June 10, 2011  
Anonymous solo said...

I've only read excerpts from Roger Smith's books, so any comment I make doesn't deserve to be taken very seriously.

I liked the excerpts from the first two books. But I was much less charmed by the excerpt from Dust Devils, which appeared in Plots With Guns. Plots With Guns? For an already published writer, this is either very good for PWG or not so good for Roger Smith.

The opening chapter was OK, at least, if you're willing to forgive lines like

She heard the teeth of his zipper meshing

but the second chapter, which describes a car journey with two parents and two small kids in the back seat had me asking after the first two paragraphs: Are we there yet?

The chapter finally terminates with a bit of action in which the car is run off the road and we get the line:

He went out backwards, in an explosion of glass, like he’d been ejected.

Perhaps, my understanding of the word ejected is inadequate, but if you go out through the window during a car accident, it's not 'like' you're being ejected, you are being ejected. Such ejection doesn't require a James Bond like ejector seat. Simple physics will do the job.

Of course, if I'd had access to the full book, I'm sure I'd have found something more complimentary to say about it.

June 10, 2011  
Blogger Peter Rozovsky said...

Your quibble over "ejected" is the sort of quibble I'll often have with a book. But the guy ejected from the seat is the chapter's point-of-view character. Smith's "like he'd been" could reflect, intentionally or otherwise, not just the ejection but the character's reaction to it.

Imagine that you're seeing the scene play out, that it happens to catch your eye from a distance. "Hey!" you might remark, "that guy's just been ejected from the bloody car!"

Now imagine that you're the one being ejected. Events happen faster that your conscious mind can process them. Maybe you can't believe what's happening. "Holy shit!" you think, as you soar into the merciless blue sky, seeing the sun-cracked earth from an unexpected vantage point. "I-- I-- it's like... It's like I've been ejected."

June 10, 2011  
Anonymous solo said...

It was just a quibble, Peter. I feel like it's been er, rejected.

June 10, 2011  
Anonymous solo said...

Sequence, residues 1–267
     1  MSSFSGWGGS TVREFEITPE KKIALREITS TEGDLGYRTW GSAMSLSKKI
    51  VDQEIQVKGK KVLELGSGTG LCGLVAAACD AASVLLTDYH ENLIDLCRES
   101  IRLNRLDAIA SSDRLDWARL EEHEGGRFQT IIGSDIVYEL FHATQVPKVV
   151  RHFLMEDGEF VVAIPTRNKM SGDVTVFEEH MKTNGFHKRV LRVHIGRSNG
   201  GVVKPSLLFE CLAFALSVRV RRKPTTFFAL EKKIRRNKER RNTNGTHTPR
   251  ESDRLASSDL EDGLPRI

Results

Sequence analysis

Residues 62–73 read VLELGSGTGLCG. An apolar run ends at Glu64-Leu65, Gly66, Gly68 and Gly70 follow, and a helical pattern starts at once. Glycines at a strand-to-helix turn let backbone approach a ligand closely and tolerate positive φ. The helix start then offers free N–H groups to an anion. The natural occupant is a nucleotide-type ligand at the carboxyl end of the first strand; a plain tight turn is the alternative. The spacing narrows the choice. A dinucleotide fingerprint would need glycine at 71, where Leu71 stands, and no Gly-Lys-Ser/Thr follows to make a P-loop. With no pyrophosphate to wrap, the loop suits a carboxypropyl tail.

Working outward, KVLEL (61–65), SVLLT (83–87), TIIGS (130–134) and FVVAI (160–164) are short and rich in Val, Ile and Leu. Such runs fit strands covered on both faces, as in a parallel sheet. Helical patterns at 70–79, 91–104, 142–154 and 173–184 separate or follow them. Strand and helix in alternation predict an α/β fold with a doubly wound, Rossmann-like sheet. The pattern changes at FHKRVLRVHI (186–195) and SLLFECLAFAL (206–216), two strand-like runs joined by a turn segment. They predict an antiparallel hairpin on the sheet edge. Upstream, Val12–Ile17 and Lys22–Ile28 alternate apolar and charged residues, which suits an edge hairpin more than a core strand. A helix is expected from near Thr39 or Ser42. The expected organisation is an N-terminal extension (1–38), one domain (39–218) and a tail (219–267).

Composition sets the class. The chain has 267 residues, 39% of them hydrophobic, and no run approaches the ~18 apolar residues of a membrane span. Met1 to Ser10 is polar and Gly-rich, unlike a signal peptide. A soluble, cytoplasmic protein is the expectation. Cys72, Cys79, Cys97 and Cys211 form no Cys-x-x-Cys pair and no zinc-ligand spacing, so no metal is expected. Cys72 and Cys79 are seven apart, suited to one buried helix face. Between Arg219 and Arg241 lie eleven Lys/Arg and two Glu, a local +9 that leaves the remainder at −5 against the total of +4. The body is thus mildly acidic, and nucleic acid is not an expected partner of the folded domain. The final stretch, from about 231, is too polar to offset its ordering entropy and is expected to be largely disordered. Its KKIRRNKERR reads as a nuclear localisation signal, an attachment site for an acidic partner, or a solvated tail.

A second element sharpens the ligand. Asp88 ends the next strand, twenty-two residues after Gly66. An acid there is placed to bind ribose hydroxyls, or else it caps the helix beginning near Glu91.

I do like that 'merciless blue sky' of yours, though, Peter. That's one motherfuckin' sky I'm going to be steering clear of.

June 10, 2011  
Blogger Peter Rozovsky said...

Au contraire. Your quibble compelled me to examine the passage more carefully. Quite naturally my speculation about Smith's reason for choosing "like he'd been ejected" are just that: speculation. For all I know, Smith might slap his head and say you're right.


My v-word: repress

June 10, 2011  
Blogger Mack said...

Interesting. I've read chapter 2 at least 3 times and the way eject is used never registered. Still doesn't bother me after reading the discussion.

June 10, 2011  
Blogger Peter Rozovsky said...

I see solo's point, though the word's use did not bother me in this instance.

Here's your discussion of Dust Devils, for anyone who feels like a look.

June 10, 2011  
Anonymous solo said...

Mack, I've just looked at your blog and it says you're reading 'a pre-ARC version of Roger's third book.' That sounds pretty damn cool, or as we'd likely say here in Dublin: deadly.

But maybe you might let us plebians in on WTF a pre-ARC version is. We're not all smart guys in-the-know like you are, Mac.

June 12, 2011  
Blogger Mack said...

Solo, I wouldn't put myself in the "smart guys-in-the -know" category . More of a plodder actually.

I'm not exactly sure why I called it a pre-ARC. It seemed appropriate at the time. What I read was a PDF of Dust Devils. It didn't seem like an ARC and wan't exactly sent me as an ARC so I qualified it.

You are one for for focusing on the use of words, aren't you. Not critising, mind. When one finds writing difficult, as I do, it is good to have to think why I chose to express myself a particular way.

June 12, 2011  
Anonymous solo said...

Mack, I have trouble with words myself, so I know what you're talking about.

June 12, 2011